Mental health issues among expats

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Expats experience twice as many mental health problems than domestic citizens.

A report called The Mental Health Status of Expatriate Versus US Domestic Workers shows that 50% of the expats that participated in the study are at high risk of mental health problems.
Expats experience twice as many mental health issues as domestic citizens, with anxiety and depression being the common ones, according to
the study.

In some cases when depression becomes so severe, expats may feel that returning home is their only option.Expats who have trouble with anxiety stop undertaking activities that they usually enjoy, because it does not give them pleasure anymore. Instead, they stay at home and worry.

Where do the problems come from?

Two factors that contribute to mental health issues are homesickness and social isolation. Expats can experience a lack of support and find it harder to deal with new circumstances, because their relatives and close friends are back home.

The reasons why people emigrate to a new country also play a big role in the feelings they have towards their new surroundings. Expats that are running away from something back home experience less symptoms, this includes people who were looking for a new adventure or who did not feel at home in their own country.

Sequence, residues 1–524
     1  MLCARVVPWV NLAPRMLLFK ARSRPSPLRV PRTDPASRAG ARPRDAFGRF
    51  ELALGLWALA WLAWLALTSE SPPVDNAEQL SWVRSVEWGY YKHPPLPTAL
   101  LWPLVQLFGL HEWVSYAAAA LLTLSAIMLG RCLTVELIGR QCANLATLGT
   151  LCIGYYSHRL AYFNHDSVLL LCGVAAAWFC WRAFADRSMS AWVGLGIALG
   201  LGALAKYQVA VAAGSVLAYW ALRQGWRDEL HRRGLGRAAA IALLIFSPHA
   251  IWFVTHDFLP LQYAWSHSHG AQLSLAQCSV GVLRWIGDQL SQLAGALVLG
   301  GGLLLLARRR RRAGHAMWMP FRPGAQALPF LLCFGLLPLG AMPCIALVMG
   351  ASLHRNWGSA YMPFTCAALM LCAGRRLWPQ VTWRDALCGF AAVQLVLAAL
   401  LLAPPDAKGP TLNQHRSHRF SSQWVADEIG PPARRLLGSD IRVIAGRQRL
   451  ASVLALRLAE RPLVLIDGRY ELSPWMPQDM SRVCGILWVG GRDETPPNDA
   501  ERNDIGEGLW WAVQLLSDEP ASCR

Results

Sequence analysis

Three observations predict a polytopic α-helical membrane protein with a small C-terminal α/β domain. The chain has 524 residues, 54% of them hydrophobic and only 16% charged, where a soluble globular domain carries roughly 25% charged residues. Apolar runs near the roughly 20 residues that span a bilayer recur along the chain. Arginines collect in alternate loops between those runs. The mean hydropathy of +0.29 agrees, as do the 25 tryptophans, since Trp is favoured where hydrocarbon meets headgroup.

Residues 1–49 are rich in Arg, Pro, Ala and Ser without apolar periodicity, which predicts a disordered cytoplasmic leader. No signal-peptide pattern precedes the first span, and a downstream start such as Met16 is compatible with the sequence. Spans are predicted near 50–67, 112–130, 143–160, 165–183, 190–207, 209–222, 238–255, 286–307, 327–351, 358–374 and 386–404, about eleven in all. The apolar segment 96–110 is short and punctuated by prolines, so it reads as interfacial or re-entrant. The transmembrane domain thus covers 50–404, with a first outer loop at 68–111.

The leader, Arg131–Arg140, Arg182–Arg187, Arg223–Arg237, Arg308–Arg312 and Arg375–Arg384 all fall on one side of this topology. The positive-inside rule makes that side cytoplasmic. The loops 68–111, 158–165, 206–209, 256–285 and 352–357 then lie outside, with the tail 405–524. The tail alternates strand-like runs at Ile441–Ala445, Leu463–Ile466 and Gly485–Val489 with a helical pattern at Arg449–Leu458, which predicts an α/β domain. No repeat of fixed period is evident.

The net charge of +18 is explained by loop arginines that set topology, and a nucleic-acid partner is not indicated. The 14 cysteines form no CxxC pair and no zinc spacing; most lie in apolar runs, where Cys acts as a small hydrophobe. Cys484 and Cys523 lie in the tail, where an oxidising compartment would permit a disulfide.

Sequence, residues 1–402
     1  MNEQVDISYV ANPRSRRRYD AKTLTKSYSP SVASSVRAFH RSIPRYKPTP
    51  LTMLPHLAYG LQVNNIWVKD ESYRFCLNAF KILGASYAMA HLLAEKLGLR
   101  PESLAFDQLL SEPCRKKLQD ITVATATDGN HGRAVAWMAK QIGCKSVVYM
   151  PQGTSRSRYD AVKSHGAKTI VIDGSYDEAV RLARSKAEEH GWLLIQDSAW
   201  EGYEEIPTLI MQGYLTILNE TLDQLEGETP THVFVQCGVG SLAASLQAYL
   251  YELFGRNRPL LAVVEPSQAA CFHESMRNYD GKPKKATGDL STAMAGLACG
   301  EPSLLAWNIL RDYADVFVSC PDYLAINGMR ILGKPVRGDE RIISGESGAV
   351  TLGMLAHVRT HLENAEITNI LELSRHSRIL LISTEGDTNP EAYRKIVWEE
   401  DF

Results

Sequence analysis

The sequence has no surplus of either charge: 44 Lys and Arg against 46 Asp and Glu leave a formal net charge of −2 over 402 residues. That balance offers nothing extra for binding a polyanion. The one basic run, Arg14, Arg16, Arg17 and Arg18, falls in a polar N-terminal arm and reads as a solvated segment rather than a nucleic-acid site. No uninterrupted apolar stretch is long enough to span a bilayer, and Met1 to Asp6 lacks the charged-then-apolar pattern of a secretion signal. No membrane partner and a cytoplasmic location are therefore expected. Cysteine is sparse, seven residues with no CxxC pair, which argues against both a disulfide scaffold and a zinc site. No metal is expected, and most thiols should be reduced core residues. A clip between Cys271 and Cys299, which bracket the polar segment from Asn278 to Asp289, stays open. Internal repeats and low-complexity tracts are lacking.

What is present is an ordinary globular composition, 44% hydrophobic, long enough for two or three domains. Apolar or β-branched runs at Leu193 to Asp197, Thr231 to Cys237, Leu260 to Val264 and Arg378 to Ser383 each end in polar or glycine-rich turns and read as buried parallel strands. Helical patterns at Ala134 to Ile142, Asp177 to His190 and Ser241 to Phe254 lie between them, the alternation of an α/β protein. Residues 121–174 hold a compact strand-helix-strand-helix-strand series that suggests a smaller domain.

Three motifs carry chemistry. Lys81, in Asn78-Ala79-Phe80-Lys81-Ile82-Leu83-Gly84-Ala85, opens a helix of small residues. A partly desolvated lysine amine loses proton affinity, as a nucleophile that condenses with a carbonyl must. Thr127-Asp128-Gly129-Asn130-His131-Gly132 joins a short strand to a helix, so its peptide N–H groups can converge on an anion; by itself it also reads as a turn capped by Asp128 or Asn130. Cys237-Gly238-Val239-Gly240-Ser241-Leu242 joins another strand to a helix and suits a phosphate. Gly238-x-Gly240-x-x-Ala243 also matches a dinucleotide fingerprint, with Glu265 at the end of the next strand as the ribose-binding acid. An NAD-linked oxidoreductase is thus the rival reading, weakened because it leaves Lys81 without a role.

Expats who did not have a choice, for example children or partners, are more prone to mental health issues. Children in the adolescence stage find it difficult to get used to a new country. This period in their life is already difficult, so adding a whole new environment to the mix makes everything even more complicated.

Difficulties with finding professional help

The UK’s prime minister, David Cameron, called for action yesterday after research showed major deficits in the mental health care system. The report, published by National Health Services England, states that thousands of deaths could have been avoided if mental health care was adequate and well funded. 1 in 4 people experience symptoms every year, and the worst part is that three-quarters of them do not receive any help. The government agrees that measures have to be taken, and will be assigning an additional 1 billion pounds per year to the system by 2020.

Ease of access to mental health services is crucial, and for many, especially those living in underdeveloped countries, may not be able to locate someone that can help them in desperate times..

Another problem expats are likely to run into, while looking for a therapist, are language barriers. It is important that patients can talk about their problems in their mother tongue. It can be difficult to find a therapist that speaks your own language fluently, but this is critical for the therapy to be most helpful. It is a good idea to check the presence and quality of the mental health system of a country before immigrating.

Notice any symptoms that might indicate depression or anxiety in a fellow expatriate, or are you experiencing them yourself? Talk to someone about it! This might make you or them feel less alone.

Image: [Geralt]